# Introduction to Programming

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Introduction to Programming
MVRT 115

This is an introduction to programming in the C language.
We will be working on Vex and NXT robots, and later on the large robot. In this class, we assume that you know little or nothing about programming in general. If you have programmed in C, C++, or Java, or if you were programming on the team last year, there will be a different class for you. In the advanced class, we will be working on the sensors and camera. We will talk about style, efficiency, testing and debugging.

Just the Basics A computer is an electronic machine that can do a limited number of things, like adding, subtracting, multiplying, dividing, or comparing two numbers. A computer can input numbers from keyboards, disk drives, and sensors. The computer can output numbers to a computer screen, a disk, a printer, or a motor. Input & output is collectively referred to as I/O. Computer instructions are done in sequence, one after the other until the last instruction is executed; then the computer stops. A set of computer instructions is known as a program. Numbers can be stored (& retrieved) from a computer’s memory. We say a program runs or executes. We can perform or execute an instruction

Programming Languges C C++ Java

Programming Languages
Programming in machine language is tedious & error-prone for humans. Computer memory locations are numbers. E.g., the first 256 bytes of memory are locations 0 through 255. (Everything on computers starts counting at zero.) For example, to add two numbers in memory locations 150 and 200: Get the first number from memory location 150 Get the second number from memory location 200 Add the two numbers together Store the addition result in memory (maybe location 204)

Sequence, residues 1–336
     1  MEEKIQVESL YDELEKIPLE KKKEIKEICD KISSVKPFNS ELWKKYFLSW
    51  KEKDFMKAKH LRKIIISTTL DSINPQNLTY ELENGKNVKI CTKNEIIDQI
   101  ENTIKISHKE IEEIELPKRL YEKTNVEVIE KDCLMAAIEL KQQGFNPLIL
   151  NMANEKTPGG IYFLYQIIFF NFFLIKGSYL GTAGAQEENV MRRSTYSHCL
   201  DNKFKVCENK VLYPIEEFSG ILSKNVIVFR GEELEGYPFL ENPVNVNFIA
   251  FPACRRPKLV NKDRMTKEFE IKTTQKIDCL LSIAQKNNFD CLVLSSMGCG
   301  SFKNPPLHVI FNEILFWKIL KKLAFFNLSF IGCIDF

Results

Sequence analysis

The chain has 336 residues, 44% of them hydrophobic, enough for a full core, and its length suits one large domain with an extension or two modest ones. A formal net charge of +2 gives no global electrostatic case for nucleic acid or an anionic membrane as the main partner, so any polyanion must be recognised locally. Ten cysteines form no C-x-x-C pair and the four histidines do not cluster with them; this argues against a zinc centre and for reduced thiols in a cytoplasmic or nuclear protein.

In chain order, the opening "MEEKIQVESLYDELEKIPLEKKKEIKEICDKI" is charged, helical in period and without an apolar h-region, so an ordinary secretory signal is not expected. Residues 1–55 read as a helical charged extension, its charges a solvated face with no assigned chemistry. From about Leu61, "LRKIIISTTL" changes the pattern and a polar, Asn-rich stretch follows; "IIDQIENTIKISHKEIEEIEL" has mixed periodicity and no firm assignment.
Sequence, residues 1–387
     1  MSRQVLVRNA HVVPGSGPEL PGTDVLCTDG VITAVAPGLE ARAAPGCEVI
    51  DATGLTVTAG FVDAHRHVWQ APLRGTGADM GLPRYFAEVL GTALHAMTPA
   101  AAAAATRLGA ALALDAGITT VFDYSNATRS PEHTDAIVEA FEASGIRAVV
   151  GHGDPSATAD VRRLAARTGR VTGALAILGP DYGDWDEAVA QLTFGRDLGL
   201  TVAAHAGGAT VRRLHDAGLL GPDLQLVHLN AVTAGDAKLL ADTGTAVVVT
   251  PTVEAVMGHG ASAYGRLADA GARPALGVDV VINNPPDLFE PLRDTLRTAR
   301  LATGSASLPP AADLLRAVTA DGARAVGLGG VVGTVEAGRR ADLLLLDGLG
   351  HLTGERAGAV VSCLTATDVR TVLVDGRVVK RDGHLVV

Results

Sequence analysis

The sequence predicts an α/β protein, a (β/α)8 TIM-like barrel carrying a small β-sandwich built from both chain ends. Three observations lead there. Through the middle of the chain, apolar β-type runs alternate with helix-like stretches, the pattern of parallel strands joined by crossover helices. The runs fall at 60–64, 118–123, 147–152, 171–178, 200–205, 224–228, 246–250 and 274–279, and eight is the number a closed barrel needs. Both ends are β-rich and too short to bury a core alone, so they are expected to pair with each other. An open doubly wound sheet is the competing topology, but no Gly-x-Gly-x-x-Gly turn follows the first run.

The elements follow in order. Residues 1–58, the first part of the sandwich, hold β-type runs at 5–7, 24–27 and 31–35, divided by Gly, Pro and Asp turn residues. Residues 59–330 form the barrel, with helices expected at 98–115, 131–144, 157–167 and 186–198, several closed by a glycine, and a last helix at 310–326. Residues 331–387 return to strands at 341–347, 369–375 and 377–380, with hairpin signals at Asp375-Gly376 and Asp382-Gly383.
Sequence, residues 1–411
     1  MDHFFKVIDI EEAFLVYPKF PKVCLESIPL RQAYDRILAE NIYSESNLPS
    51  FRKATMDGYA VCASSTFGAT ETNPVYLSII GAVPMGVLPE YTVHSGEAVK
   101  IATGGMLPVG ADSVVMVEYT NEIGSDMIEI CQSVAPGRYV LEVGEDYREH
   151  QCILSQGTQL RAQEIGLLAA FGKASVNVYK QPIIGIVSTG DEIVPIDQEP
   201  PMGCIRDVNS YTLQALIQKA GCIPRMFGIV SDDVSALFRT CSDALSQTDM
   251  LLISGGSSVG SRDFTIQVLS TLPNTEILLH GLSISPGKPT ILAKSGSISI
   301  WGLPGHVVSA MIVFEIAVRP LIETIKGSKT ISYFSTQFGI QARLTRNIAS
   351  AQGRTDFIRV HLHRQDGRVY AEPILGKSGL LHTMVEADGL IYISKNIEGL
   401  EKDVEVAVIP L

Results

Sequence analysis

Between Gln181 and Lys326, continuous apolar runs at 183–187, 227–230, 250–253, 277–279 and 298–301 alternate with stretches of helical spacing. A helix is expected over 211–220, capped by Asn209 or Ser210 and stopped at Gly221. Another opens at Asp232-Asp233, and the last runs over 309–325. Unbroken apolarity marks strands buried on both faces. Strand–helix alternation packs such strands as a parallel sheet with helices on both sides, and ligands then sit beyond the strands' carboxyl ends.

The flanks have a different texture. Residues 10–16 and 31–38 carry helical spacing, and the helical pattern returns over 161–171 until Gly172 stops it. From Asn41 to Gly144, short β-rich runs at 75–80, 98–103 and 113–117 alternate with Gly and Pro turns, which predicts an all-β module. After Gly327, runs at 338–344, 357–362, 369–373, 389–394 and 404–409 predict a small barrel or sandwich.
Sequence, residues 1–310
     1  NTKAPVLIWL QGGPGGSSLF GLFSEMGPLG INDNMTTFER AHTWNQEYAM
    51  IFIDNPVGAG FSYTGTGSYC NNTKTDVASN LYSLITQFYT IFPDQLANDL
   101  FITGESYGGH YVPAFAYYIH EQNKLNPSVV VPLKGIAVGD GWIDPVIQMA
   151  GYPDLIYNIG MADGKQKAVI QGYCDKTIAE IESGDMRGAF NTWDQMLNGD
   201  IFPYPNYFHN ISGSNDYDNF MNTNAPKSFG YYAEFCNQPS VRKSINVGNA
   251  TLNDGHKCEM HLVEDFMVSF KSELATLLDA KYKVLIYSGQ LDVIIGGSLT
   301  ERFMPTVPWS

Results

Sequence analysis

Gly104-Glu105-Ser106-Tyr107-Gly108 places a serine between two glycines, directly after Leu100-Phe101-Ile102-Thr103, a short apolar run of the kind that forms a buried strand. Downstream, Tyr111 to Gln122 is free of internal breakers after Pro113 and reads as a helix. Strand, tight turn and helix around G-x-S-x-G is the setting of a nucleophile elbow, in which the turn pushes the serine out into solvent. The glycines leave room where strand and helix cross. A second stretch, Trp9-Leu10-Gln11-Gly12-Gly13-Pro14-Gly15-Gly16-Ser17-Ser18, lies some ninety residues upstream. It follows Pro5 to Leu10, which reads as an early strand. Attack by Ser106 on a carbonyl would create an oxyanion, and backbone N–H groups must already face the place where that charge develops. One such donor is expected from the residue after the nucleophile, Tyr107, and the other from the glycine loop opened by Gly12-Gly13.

Programming Languages
Programming languages, like C & Java, make things easier: adding two numbers can be done in one line of C, and you don’t have to know memory locations!, e.g., sum = a + b; * A bit is a single binary digit: either 0 or 1. A byte is a set of 8 binary digits and can represent 256 different values.

The Most Important Thing
The most important thing to know about programming is that computers do what you tell them to do. Not what you you’d like them to do. Not what you think they should do. You must know how to translate what you want into a form the computer can use. The syntax must be correct. The logic must be correct. When the computer does something “wrong,” it’s almost certain that you programmed it to do the “wrong” thing.

Basic Programming Form
Every program must contain zero or more statements enclosed in curly brackets “{“ and “}” Every statement must end with a semicolon ; A program is a series of statements Statements are executed in order until we run out of statements. But… You can skip statements with “if” statements You can repeat statements with loops You can block groups of statements with “{“ and “}” This is useful for “if” and “while”

Syntax Syntax just means the way a statement is put together.
Computer and human languages must have correct syntax, and every language has its own syntax . You understand “the dog my homework ate,” although it’s syntax is wrong for English. (However, the syntax would be right for German: “Der Hund meine Aufgaben frass.”) Computers never understand incorrect syntax!